Posts Tagged ‘Sylvia Spruck Wrigley’

Old Women in SF—the List

by Sylvia Spruck Wrigley

When we think about women in speculative fiction, it seems to be fantasy figures that quickly come to mind: Lady Olenna, the Queen of Thorns, Professor McGonnagal and Sir Terry Pratchett’s wonderful witches. When it comes to science fiction, however, the landscape seems to change.

Ten Tips For First-Time Travelers to Helsinki

by Sylvia Spruck Wrigley

WorldCon in Helsinki is THE social event of the year, and we’re all really looking forward to it. However, for many folks, it might be the first time traveling to a country where English is not the native language. This can be nerve-wracking because it is impossible to know what to expect. In a vague attempt to help, I’ve created this ten-point list of how to cope.

Story Cake

by Sylvia Spruck Wrigley

The popular advice for writers is to write your first draft for just one person and then to revise for the world. Your voice, they say, should be personal and true and deep but the story itself must have mass-market appeal. This is a rainbow I chased for a long time. Lately, though, I’m starting to question the simple assumption that success is measured by the number of readers.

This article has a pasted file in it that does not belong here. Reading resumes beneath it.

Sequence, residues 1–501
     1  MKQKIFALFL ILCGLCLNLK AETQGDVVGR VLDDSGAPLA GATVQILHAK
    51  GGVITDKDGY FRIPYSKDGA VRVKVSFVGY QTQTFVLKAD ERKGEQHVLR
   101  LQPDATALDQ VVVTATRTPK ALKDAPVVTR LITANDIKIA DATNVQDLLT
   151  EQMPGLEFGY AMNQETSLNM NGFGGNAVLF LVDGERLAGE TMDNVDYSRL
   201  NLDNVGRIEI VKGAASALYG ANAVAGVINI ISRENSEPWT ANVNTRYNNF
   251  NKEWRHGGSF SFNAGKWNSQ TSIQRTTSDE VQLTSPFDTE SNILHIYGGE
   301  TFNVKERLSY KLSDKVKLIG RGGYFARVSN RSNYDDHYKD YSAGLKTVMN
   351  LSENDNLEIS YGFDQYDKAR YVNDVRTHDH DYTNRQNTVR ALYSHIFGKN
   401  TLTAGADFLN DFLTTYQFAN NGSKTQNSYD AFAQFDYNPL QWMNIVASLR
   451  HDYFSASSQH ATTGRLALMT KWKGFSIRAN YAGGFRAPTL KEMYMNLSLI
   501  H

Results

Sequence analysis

Seven Days on Skokholm: Part Four

by Sylvia Spruck Wrigley

The ground in front of me slopes down. There is a red painted stone marking the end of the path, which makes me laugh, because of course I’m not going to stumble down to the cliff edge, the sea crashing against the rocks a hundred below.

Seven Days on Skokholm: Part Two

Skokholm, Richard tells us, is a honeycomb of burrows. The rabbits, the puffins, the storm petrels and the manx shearwaters all make their own burrows and to be honest, it’s a bit of a nightmare, the island riddled with holes.

Seven Days on Skokholm

by Sylvia Spruck Wrigley

If I had a week with nothing to do, I would write amazing words. I would write a book. I would write a million words and then dream the story while I slept under the stars and then I would write another million words and the faeries would come out and dance around me and I would make novels like the miller’s daughter spinning gold out of straw.